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0155 Serindia : vol.1
Serindia : vol.1 / Page 155 (Color Image)

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doi: 10.20676/00000183
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at once on comparing it with the conventionalized heads, which the hieratic sculpture of Khotan has borrowed from Graeco-Buddhist art.

In the case of the female heads, too, it is easy to distinguish the local type, represented by the extensive series Yo. 009. d—f, h, oo4i. a—e (see Plate I), from that of the appliqué heads, probably belonging to Gandharvis and similar divine figures (Yo. oo26, 0067, 00182 ; see Plate III), which is obviously derived from Gandhâra. A very curious feature is the great variety and elaborate nature of the coiffures represented. Interesting additional details about fashion in dress are furnished by the few complete figurines of women (Yo. 1, 2, Plate II ; Yo. 0073, Plate I). That such figurines could serve also as vessels, perhaps for unguents, is shown by Yo. 1, oo56.

But human figures are rare as compared with the great mass of terra-cotta figurines representing animals. Among these again monkeys largely predominate. The very clever way in which these figures are modelled, however miniature in size, and the artistic skill with which human poses and expressions are given to them, have often been noted in connexion with former collections. The treatment of the heads varies from a careful naturalism to a rough but effective grotesque, as the few selections from the series Yo. 003-7,0035,0051,0052, etc., represented in Plate III (also Yo. 009. g, 0043. e, in Plate I) will show. The humour of the Khotanese public was manifestly pleased to see its prominent failings caricatured under the guise of these monkey figurines ; for this clearly is the explanation of the manifold representations of monkeys playing on musical instruments and for the still more numerous ithyphallic figures and pairs in amorous embrace (Yo. 003. o, 0031. a, 0034. d, 002. a—n, 0048. a—f, oo5o, etc., Plate III).4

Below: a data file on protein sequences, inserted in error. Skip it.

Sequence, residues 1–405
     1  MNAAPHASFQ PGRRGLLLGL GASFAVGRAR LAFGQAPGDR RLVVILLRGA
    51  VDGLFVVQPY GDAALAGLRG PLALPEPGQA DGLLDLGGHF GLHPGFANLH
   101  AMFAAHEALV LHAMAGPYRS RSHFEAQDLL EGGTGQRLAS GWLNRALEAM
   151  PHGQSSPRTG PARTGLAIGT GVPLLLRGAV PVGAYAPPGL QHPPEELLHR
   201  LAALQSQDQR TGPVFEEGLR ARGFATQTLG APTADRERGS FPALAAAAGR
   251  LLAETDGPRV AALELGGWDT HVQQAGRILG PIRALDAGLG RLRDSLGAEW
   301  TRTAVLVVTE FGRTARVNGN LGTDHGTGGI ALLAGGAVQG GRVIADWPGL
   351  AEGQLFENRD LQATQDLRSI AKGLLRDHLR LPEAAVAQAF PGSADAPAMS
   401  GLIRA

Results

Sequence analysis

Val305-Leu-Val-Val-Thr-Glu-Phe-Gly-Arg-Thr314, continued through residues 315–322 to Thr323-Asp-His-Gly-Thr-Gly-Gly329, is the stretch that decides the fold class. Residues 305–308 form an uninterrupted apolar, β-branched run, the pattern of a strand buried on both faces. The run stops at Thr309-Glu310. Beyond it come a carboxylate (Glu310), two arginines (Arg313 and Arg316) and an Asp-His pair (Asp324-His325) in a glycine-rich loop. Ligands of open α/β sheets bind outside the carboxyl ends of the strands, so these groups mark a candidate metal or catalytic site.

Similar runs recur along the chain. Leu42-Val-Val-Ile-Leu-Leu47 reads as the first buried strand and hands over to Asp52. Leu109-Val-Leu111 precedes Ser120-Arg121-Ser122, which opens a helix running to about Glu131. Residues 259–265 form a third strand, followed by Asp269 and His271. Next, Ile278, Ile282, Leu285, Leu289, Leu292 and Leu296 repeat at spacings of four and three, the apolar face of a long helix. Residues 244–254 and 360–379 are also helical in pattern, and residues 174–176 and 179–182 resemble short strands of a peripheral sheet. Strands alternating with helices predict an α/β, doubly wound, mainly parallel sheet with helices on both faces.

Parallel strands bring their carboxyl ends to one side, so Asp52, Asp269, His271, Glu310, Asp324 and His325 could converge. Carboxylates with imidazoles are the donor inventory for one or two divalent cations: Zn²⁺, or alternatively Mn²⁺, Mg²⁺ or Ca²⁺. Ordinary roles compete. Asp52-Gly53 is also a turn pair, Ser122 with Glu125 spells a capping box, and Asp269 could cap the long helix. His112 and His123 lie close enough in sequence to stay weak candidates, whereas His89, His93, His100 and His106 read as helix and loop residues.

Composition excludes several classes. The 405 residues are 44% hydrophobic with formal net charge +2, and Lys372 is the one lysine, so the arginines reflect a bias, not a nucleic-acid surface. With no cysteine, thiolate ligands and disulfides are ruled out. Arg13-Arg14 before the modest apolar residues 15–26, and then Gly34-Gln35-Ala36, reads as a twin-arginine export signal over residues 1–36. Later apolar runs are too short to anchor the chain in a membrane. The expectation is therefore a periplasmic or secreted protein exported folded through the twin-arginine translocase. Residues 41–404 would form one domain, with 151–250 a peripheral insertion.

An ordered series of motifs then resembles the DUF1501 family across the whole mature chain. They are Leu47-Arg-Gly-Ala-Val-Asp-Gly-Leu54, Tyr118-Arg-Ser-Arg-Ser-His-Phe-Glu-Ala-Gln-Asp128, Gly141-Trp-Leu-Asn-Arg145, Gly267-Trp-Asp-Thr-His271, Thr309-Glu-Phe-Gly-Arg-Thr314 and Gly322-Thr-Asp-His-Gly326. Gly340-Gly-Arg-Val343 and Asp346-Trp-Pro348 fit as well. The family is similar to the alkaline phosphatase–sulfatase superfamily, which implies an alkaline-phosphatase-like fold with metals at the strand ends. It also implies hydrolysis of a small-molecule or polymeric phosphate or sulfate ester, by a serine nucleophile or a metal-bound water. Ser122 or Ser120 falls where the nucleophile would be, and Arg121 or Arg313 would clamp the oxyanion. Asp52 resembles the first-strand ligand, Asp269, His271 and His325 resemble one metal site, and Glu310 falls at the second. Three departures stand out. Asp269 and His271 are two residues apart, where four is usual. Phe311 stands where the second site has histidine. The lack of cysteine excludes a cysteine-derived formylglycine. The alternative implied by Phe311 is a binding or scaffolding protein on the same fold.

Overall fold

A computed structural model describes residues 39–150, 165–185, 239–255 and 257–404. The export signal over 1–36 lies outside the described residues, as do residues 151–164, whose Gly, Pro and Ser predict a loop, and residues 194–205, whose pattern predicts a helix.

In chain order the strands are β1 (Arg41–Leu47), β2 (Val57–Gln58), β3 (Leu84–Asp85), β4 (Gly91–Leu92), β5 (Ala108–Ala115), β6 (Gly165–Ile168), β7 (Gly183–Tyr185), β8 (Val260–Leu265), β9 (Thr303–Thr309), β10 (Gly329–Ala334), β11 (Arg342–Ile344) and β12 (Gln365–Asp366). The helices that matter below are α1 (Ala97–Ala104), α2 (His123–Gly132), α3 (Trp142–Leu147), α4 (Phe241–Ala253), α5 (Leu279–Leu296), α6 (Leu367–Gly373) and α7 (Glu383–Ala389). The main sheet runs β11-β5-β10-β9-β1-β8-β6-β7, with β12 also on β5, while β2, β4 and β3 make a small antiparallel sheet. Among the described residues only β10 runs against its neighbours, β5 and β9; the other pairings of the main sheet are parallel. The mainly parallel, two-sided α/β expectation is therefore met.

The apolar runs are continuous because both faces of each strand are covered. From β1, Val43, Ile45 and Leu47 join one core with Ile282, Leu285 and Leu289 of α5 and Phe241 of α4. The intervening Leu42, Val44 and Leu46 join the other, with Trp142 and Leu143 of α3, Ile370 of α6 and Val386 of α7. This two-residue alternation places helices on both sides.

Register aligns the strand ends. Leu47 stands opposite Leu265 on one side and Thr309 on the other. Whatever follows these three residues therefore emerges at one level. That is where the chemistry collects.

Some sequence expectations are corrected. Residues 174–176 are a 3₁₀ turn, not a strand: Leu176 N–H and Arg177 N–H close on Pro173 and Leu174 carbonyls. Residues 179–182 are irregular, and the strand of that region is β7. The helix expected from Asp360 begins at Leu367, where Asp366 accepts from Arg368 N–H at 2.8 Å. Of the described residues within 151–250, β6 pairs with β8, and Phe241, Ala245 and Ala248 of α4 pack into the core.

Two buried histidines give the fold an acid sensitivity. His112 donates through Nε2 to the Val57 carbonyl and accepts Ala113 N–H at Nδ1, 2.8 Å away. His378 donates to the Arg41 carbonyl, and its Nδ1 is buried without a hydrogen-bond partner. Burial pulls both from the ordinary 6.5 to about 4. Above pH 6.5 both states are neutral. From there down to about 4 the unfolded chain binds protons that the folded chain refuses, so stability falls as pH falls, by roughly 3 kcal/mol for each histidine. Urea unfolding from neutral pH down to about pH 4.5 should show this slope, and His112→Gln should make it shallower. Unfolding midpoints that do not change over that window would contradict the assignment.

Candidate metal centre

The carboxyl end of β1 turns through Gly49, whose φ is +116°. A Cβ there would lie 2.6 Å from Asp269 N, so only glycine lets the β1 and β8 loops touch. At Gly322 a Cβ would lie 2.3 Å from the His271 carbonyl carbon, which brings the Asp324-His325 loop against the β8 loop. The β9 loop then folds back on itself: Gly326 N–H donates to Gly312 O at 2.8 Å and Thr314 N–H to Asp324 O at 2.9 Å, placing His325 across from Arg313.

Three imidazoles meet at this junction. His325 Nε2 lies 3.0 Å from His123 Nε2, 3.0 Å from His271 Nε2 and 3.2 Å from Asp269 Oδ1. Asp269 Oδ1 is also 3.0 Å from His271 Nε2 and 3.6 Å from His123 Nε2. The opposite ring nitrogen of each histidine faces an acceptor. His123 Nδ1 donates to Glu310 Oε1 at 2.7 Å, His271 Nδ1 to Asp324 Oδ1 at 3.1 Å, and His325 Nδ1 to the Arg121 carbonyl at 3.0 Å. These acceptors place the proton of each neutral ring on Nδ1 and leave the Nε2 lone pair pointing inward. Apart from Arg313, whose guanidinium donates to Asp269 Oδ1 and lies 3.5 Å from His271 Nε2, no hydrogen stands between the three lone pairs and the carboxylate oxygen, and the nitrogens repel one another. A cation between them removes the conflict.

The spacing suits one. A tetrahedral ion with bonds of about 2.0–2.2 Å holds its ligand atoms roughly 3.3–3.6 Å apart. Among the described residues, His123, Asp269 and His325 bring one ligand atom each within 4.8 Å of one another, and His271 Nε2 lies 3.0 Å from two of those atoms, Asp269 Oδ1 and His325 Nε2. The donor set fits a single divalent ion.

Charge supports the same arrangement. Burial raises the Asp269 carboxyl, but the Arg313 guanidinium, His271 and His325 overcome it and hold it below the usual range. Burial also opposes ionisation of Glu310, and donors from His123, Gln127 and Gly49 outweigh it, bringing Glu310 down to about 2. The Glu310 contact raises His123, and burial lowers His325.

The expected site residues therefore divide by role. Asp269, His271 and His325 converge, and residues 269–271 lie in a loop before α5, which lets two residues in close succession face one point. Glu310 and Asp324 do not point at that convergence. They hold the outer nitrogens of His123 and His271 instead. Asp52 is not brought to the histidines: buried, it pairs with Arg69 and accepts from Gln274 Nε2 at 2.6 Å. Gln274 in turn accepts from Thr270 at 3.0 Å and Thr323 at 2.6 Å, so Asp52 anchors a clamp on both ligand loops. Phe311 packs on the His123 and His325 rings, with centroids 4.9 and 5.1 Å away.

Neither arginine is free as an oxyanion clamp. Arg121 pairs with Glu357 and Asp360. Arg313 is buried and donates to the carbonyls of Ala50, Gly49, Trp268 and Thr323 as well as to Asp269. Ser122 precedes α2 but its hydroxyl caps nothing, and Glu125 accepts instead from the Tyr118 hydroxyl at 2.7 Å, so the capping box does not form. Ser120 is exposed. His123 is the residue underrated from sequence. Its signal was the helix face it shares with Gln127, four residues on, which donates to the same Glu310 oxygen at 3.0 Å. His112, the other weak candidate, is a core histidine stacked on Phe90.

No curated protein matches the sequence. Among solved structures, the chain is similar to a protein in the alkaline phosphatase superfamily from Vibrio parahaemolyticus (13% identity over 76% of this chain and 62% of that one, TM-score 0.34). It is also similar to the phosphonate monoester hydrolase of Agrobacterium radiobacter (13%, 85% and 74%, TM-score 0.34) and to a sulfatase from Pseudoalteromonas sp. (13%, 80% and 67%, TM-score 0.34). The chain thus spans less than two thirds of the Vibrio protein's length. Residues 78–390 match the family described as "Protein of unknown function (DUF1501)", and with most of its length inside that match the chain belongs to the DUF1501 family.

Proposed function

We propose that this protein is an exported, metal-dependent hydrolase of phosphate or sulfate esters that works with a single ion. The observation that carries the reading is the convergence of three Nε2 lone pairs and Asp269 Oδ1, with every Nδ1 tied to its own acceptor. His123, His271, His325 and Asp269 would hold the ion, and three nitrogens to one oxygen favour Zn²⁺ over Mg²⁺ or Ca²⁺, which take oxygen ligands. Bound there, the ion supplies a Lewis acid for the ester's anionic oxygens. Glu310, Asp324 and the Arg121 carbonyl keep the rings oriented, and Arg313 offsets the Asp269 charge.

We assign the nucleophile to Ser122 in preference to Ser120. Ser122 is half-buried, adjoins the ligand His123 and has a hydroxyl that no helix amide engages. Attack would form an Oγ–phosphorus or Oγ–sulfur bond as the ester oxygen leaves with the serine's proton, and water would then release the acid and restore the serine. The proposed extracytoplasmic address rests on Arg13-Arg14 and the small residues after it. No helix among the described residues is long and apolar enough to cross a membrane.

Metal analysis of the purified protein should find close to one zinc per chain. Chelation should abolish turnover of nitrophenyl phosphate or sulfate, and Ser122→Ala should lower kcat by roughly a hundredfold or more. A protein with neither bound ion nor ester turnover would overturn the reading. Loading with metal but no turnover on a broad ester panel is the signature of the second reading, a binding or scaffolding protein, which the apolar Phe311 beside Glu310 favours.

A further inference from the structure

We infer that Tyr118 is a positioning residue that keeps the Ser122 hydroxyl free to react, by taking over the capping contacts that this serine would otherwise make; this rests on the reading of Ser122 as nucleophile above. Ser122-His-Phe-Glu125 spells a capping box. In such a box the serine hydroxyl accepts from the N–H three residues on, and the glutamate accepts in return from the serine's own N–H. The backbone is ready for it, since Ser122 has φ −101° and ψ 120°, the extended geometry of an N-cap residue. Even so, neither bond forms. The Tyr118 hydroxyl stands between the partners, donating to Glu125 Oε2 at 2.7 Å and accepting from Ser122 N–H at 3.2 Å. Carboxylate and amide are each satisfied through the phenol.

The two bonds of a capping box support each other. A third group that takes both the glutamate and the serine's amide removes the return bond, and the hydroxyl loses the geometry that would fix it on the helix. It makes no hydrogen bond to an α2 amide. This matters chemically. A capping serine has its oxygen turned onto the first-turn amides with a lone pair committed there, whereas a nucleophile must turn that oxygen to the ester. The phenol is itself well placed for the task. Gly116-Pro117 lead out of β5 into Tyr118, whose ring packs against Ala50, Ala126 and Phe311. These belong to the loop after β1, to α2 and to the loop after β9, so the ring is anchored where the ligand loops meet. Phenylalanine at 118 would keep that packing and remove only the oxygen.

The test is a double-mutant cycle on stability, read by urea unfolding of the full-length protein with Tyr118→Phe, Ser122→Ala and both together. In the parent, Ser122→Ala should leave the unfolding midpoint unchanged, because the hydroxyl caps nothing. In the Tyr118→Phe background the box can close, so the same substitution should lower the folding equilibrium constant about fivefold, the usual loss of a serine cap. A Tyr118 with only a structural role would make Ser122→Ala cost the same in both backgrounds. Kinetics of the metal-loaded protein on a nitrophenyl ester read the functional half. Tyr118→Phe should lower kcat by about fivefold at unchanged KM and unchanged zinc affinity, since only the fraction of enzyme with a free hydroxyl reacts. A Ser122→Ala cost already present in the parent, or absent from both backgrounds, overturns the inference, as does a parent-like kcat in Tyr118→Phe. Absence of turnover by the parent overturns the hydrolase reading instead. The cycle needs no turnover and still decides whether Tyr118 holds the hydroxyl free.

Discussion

Among the musical instruments the guitar is most frequent, being evidently a favourite like its modern descendant, the rabâb (Yo. ox. b, oo3. 1, m, 0032. a, d, 0047. a, b, oo62 ; Plate III, etc.). Besides it we find the syrinx (Yo. 003. c, d, 0032. b) and drum (Yo. oo3. e, 0032. c) and also the harp, this last in the hands of a human appliqué figure (Yo. oo66 ; Plate III). Flute and cymbal appear in addition on the terra-cotta relief Yo. 02 (Plate I). Human fondness for children is revealed in the frequent figurines which show monkey babies in cradles or held in the arms (Yo. ooio. a, 0028. c, 0038. a—d, oo63 ; Plates I, III). A particularly curious group is Yo. 0070 (Plate I) where a female monkey with baby and bird in her arms is carried Anchises fashion on the shoulders by her monkey mate. Here we may mention also the interesting proof which monkey figurines furnish for the early use at Khotan of inflated skins as means for crossing rivers.a Yo. 003 z. d, e (Plate III) show monkeys in the act of floating on skins, while in Yo. 003. q, a monkey appears kneeling with a skin on his back ready for use. Such skins are represented also separately in miniature terra-cotta (Yo. ooJ3 ; Khot. 0014).

Among other animal figures the camel is most frequent (e. g. Yo. oo8. c, oI z. c—e, 0029 ; Plates II, III). In Yo. 0049. a, b (Plate III) it appears loaded, in the latter specimen with what look like skins full of water. Horse and rider are seen in Yo. 0015. b, e, 0030. a, 0045. a (Plate I). In addition we have the peacock (Yo. 0030. c, oo6i ; Plate II), yak (Yo. 0071) and boar, the latter shown with naturalistic skill in Yo. o064 (Plate III).

Whereas in the case of pottery and terra-cotta objects local origin may safely be assumed, no such assurance can be felt as regards other small antiques in stone, metal, and glass which are

Monkey figurines.

Musical instruments of figurines.

Figurines of animals.

Small carvings in stone.

4 As regards the love of music and dancing in ancient and modern Khotan, cf. Ancient Kholan, i. pp. 139, 141 ; for the proverbial reputation enjoyed by Khotan for licentiousness in old and modern times, see ibid., pp. 139, 142.

6 I have not come across the indigenous use of skins (I. e. the Indian ' Mussuck') in modern Chinese Turkestan.

But it is well known on the rivers of Western Turkestan and since ancient times in Iran, Mesopotamia, etc. ; cf. Dr. R. Trebitsch's monograph on the history and geographical distribution of the use of inflated skins in Archiv fur Anthropologie, 1912, xi. pp. 175 sqq.

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